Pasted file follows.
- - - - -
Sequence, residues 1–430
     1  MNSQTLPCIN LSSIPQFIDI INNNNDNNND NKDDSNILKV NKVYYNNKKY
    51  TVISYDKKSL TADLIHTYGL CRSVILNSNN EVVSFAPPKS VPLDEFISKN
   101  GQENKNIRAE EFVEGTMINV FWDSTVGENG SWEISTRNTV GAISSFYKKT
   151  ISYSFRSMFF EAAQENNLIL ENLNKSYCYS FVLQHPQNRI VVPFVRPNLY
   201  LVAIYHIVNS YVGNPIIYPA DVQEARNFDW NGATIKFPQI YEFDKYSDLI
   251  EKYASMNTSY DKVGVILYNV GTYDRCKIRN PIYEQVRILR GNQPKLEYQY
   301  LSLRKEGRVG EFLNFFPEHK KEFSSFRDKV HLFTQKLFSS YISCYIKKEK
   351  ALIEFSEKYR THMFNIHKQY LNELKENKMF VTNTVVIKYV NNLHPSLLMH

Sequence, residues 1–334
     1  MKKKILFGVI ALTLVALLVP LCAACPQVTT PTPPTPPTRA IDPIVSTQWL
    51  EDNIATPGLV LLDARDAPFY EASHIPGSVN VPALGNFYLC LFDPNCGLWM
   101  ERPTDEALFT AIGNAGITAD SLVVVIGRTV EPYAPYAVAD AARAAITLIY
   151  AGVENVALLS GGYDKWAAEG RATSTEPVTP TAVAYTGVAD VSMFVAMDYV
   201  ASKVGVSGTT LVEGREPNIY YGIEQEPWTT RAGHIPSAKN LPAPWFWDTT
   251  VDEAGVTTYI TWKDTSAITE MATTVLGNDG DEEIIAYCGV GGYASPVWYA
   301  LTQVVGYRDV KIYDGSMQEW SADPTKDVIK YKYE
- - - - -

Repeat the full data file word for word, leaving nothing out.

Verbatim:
Sequence, residues 1–430
     1  MNSQTLPCIN LSSIPQFIDI INNNNDNNND NKDDSNILKV NKVYYNNKKY
    51  TVISYDKKSL TADLIHTYGL CRSVILNSNN EVVSFAPPKS VPLDEFISKN
   101  GQENKNIRAE EFVEGTMINV FWDSTVGENG SWEISTRNTV GAISSFYKKT
   151  ISYSFRSMFF EAAQENNLIL ENLNKSYCYS FVLQHPQNRI VVPFVRPNLY
   201  LVAIYHIVNS YVGNPIIYPA DVQEARNFDW NGATIKFPQI YEFDKYSDLI
   251  EKYASMNTSY DKVGVILYNV GTYDRCKIRN PIYEQVRILR GNQPKLEYQY
   301  LSLRKEGRVG EFLNFFPEHK KEFSSFRDKV HLFTQKLFSS YISCYIKKEK
   351  ALIEFSEKYR THMFNIHKQY LNELKENKMF VTNTVVIKYV NNLHPSLLMH

Sequence, residues 1–334
     1  MKKKILFGVI ALTLVALLVP LCAACPQVTT PTPPTPPTRA IDPIVSTQWL
    51  EDNIATPGLV LLDARDAPFY EASHIPGSVN VPALGNFYLC LFDPNCGLWM
   101  ERPTDEALFT AIGNAGITAD SLVVVIGRTV EPYAPYAVAD AARAAITLIY
   151  AGVENVALLS GGYDKWAAEG RATSTEPVTP TAVAYTGVAD VSMFVAMDYV
   201  ASKVGVSGTT LVEGREPNIY YGIEQEPWTT RAGHIPSAKN LPAPWFWDTT
   251  VDEAGVTTYI TWKDTSAITE MATTVLGNDG DEEIIAYCGV GGYASPVWYA
   301  LTQVVGYRDV KIYDGSMQEW SADPTKDVIK YKYE